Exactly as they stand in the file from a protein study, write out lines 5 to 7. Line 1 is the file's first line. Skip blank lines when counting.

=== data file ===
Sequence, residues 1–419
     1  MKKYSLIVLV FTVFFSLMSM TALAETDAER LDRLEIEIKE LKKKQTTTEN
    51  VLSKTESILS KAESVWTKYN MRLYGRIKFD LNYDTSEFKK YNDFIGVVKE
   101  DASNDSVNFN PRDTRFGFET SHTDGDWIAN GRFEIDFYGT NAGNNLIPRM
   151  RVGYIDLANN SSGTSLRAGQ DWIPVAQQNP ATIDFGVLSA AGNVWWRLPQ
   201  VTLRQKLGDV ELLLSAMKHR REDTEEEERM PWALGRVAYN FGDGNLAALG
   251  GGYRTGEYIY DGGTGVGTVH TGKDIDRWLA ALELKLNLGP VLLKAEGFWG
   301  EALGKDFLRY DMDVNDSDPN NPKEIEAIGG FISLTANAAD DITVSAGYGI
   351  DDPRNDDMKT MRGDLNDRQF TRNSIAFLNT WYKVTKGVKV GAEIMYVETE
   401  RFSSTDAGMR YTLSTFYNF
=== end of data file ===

   151  RVGYIDLANN SSGTSLRAGQ DWIPVAQQNP ATIDFGVLSA AGNVWWRLPQ
   201  VTLRQKLGDV ELLLSAMKHR REDTEEEERM PWALGRVAYN FGDGNLAALG
   251  GGYRTGEYIY DGGTGVGTVH TGKDIDRWLA ALELKLNLGP VLLKAEGFWG